Germany redacted by Justin Trudeau in national security and intelligence investigation report on foreign interference

The Committee believes there is ample evidence that Canada is the target of significant and sustained foreign interference activities. *** (*** indicates redaction or deletion of information by Justin Trudeau) The PRC, the Russian Federation, other states. *** (*** indicates more redaction amd deletion by Justin Trudeau)”

“The Committee believes that these states target Canada for a variety of reasons, but all seek to exploit the openness of our society and penetrate our fundamental institutions to meet their objectives. They target ethnocultural communities, seek to corrupt the political process, manipulate the media, and attempt to curate debate on postsecondary campuses. Each of these activities poses a significant risk to the rights and freedoms of Canadians and to the country’s sovereignty: they are a clear threat to the security of Canada

The NSICOP’s 2019 annual report on foreign states’ interference activities in Canada was delivered to Justin Trudeau on September 3, 2019. 8 days later Justin Trudeau called the 2019 federal election on September 11, 2019.

The REDACTED NSICOP report named China and Russia as foreign states that were engaging in “significant and sustained foreign interference activities” in Canada. Germany was named too but Justin Trudeau REDACTED Germany from both the classified and declassified version of the NSICOP report.

We know Justin Trudeau REDACTED Germany because in 2019 MP Chrystia Freeland was recruited by Germany and it’s proxy the World Economic Forum to further Germany’s interests and political agendas.

What the World Economic Forum and Germany did by recruiting Chrystia Freeland in January and April of 2019 respectively is defined by CSIS as foreign interference. The following excerpt was copied and pasted, word for word, from the Government of Canada website.

Foreign interference involves foreign states, or persons/entities operating on their behalf, attempting to covertly influence decisions, events or outcomes to better suit their strategic interests. In many cases, clandestine influence operations are meant to deceptively influence Government of Canada policies, officials or democratic processes in support of foreign political agendas.

This activity can include cultivating influential people to sway decision-making, spreading disinformation on social media, and seeking to covertly influence the outcome of elections. These threats can target all levels of government (federal, provincial, municipal) across Canada.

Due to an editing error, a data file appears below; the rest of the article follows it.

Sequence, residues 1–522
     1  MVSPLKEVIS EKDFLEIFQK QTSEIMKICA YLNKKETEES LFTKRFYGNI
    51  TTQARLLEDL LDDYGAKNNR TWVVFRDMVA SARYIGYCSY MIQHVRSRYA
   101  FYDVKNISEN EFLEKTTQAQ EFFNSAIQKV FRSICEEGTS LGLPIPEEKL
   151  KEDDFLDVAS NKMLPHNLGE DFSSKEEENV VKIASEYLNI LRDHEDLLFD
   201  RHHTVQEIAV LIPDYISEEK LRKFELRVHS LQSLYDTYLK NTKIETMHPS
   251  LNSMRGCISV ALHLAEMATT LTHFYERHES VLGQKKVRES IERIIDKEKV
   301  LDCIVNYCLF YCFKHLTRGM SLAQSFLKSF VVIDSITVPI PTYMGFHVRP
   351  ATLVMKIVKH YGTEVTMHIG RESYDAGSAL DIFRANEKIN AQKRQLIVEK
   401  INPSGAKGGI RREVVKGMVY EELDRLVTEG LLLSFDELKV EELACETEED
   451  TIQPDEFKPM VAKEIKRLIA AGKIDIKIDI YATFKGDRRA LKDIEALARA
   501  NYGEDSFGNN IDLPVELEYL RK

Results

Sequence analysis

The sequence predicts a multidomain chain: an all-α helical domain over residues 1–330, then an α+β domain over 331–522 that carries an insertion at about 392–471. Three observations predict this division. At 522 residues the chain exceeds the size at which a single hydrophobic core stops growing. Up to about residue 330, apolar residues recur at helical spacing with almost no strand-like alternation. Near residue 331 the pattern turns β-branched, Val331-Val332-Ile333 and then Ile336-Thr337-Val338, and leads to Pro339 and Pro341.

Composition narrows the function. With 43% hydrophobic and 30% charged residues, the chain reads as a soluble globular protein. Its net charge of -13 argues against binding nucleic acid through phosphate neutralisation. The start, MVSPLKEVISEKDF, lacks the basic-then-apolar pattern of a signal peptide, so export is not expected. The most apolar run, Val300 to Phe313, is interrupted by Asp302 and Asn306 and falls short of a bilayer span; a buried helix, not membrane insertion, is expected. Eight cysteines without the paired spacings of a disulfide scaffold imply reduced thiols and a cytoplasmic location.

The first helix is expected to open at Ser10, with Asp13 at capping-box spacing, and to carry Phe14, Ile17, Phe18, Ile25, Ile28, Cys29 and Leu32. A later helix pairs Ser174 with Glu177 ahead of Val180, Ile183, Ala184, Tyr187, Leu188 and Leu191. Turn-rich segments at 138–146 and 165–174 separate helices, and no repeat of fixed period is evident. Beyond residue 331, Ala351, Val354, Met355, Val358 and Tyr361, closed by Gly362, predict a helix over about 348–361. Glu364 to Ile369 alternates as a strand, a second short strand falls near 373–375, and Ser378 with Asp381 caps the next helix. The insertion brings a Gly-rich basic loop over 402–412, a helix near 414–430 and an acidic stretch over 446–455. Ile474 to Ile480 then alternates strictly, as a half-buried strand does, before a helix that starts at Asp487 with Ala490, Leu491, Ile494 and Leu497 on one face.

The World Economic Forum is and has always been operating on Germany’s behalf. That is the World Economic Forum’s primary mission.

On being elected, Members of the House of Commons become trustees of public confidence. Members must be seen to be impartial and to derive no personal benefit or gain from their decisions. Various attempts have been made over the past 25 years to define what constitutes a conflict of interest and to devise rules regarding Members improperly using their influence, using insider information, and furthering their private interests.” …

Conflict of Interest and Post-Employment Code for Public Office Holders … applies to Cabinet Ministers, Secretaries of State, Parliamentary Secretaries and other senior public office holders (full-time Governor in Council appointees). It requires that, on appointment to one of these offices, the office holders are to arrange their private affairs so as to prevent real, potential or apparent conflicts from arising. They are not to solicit or accept money or gifts; not to assist individuals in their dealings with government in such a way as to compromise their own professional status; not to take advantage of information obtained because of their positions as insiders;”

House of Commons

Given that service in Parliament is a public trust, the House of Commons recognizes and declares that members are expected

(a) to serve the public interest and represent constituents to the best of their abilities;

(b) to fulfill their public duties with honesty and uphold the highest standards so as to avoid real or apparent conflicts of interests, and maintain and enhance public confidence and trust in the integrity of each member and in the House of Commons;

(c) to perform their official duties and functions and arrange their private affairs in a manner that bears the closest public scrutiny, an obligation that may not be fully discharged by simply acting within the law;

(d) to arrange their private affairs so that foreseeable real or apparent conflicts of interest may be prevented from arising, but if such a conflict does arise, to resolve it in a way that protects the public interest; and

(e) not to accept any gift or benefit connected with their position that might reasonably be seen to compromise their personal judgment or integrity except in accordance with the provisions of this code.